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How strong is the e-m5 ii hot shoe?

Discussion in 'Olympus Cameras' started by TonyZhang, Sep 6, 2015.

  1. TonyZhang

    TonyZhang Mu-43 Regular

    71
    Jul 8, 2014
    New Zealand
    I have an e-m5 ii and need to use a top handle for video. Instead of a getting a big cumbersome setup, since the camera is rather small, light and well built, I chose to get a small handle that just connected at the hot shoe. This handle to be specific http://www.amazon.com/gp/product/B00YQD94RW?psc=1&redirect=true&ref_=oh_aui_detailpage_o02_s00

    The handle feels solid when screwed onto the hotshoe tightly, there don't seem to be any problems. However, I was wondering if this is a good idea in the long run, the specs on the handle say it holds up to 9 pounds, which is reassuring, but how about the long term wear and tear on the hotshoe of the camera? It should be ok right? The only lens I would use with this handle is the Rokinon 7.5mm fisheye.
     
  2. Replytoken

    Replytoken Mu-43 Hall of Famer

    May 7, 2012
    Puget Sound
    Ken
    I think that part of your answer will depend on how much torque is applied to the hot shoe. If you screw this into the hot shoe, and then gently mount it on something where it will move gently, then I would suspect less wear and tear. If you load this up with heavy equipment and swing the whole set-up around quickly, then you can expect that type of wear and tear to cause additional stress.

    Good luck,

    --Ken
     
  3. Sammyboy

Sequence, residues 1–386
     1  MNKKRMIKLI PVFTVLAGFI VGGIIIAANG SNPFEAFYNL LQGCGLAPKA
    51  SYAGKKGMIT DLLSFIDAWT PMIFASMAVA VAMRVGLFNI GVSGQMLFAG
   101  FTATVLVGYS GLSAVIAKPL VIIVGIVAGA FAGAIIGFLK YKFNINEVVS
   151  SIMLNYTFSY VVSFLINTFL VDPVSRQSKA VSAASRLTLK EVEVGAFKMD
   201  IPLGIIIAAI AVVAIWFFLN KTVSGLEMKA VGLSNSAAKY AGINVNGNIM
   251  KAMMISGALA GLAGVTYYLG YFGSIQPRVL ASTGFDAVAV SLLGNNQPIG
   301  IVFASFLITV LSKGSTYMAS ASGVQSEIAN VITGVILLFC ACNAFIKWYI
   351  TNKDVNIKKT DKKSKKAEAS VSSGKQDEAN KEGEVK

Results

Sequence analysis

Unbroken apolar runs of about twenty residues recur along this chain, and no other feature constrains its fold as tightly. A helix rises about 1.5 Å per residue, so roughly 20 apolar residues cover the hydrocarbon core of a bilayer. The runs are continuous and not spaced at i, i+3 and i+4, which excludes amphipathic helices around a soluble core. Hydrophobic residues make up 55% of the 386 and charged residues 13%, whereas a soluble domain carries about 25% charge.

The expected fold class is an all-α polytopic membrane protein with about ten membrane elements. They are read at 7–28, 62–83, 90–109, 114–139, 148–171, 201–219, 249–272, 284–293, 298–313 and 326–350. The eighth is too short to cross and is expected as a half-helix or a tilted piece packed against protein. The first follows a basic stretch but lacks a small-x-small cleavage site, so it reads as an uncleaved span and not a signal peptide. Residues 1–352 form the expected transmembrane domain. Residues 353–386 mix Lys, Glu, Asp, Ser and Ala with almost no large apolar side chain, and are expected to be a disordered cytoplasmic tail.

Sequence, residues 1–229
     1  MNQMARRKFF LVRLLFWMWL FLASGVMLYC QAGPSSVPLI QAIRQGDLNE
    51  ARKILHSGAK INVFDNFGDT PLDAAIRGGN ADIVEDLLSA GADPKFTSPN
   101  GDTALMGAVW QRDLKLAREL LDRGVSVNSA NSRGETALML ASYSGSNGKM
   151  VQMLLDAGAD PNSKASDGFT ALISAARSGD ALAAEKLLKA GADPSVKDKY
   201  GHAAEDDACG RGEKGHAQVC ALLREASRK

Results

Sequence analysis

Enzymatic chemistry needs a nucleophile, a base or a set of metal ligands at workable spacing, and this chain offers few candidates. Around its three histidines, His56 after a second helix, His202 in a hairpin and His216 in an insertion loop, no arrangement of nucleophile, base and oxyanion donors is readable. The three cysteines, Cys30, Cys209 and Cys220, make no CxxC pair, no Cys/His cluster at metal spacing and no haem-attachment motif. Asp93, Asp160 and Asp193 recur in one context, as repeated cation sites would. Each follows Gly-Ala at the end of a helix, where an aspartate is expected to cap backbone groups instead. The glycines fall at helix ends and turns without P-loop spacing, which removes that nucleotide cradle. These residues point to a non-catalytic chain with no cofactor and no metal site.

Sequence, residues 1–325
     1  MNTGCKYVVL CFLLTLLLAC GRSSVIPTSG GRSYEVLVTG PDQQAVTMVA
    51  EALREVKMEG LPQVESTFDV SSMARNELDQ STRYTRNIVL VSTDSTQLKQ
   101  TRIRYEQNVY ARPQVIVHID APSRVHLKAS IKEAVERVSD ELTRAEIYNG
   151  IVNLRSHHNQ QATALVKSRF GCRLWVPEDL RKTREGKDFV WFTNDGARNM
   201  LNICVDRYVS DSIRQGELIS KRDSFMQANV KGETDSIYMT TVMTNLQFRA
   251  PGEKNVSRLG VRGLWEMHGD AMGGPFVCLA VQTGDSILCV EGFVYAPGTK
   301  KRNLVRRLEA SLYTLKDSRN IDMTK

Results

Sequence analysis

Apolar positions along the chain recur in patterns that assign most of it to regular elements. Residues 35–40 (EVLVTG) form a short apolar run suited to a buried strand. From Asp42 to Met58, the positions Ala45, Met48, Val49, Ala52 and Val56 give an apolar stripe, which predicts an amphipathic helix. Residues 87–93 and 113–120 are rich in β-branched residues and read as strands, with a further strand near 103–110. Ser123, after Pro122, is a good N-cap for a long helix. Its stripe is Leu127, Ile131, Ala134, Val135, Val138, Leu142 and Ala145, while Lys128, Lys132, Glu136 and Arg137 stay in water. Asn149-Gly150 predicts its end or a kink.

Sammyboy m43 Pro

    Oct 26, 2010
    Steeler Country
    ..... this is a VERY BAD idea .....
     
  4. agentlossing

    agentlossing Mu-43 Hall of Famer

    Jun 26, 2013
    Andrew Lossing
    I have bent my GM5 (yes, my newest camera) hotshoe due to carelessness, although the GM5 may have a feebler construction to keep size and weight down. I believe it is bolted down in the center but the edges are glued down, so the flex that bent my hotshoe popped up the adhesive on the outside edge of the hotshoe.
     
  5. TonyZhang

    TonyZhang Mu-43 Regular

    71
    Jul 8, 2014
    New Zealand
    For the low angle shots that I do, I would have the camera pointing up the whole time, so that there is less stress on the hot shoe. I wouldn't be loading anything onto the camera, just the body+rokinon 7.5mm. Movements would generally be smooth and not too rapid. I will also wrap the strap around my wrist for extra insurance. I just hope it doesn't wear down the hot shoe and this method of attachment will last.

    Is there any way to find out how the hot shoe is made without dissecting the camera? The shoe on the e-m5 ii feels very solid, it doesn't move at all, how did you bend your hot shoe?
     
  6. tkbslc

    tkbslc Mu-43 Hall of Famer

    Thinking about this practically, the hotshoe was designed to hold at most a large flash. The heaviest one on the compatibility list is the FL-50R, which comes in at about 500g loaded with batteries. I'm sure it isn't going to be fine at 500g and then snap off at 510g. But who knows what the absolute threshold is.

    E-M5 with the 7.5mm is about 625g. One would assume if the shoe can hold a 500g flash up, it could hold the same and hang 500g from it. So you are about 25% over spec. It's probably fine. Just don't overdo it and swing it around or start loading more lenses on there. I doubt I'd put anywhere near 9lbs mentioned on the product page for the handle.